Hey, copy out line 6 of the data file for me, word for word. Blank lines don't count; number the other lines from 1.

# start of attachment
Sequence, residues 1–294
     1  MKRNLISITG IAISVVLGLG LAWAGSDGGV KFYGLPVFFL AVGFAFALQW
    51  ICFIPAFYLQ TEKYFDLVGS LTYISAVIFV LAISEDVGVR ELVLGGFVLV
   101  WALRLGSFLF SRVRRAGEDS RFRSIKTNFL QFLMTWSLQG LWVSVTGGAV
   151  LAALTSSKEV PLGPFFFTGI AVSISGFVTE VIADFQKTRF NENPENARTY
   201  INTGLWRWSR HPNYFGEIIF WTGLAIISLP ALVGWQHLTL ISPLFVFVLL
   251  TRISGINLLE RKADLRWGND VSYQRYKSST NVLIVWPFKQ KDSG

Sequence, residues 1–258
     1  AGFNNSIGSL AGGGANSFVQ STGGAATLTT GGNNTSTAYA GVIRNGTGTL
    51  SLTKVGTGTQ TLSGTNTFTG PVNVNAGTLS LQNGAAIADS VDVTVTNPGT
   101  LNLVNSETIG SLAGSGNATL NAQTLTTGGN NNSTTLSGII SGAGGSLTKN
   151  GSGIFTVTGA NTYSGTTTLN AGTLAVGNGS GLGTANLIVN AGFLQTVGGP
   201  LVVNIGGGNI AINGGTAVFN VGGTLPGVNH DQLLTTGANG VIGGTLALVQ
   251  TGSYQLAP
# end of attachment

   201  INTGLWRWSR HPNYFGEIIF WTGLAIISLP ALVGWQHLTL ISPLFVFVLL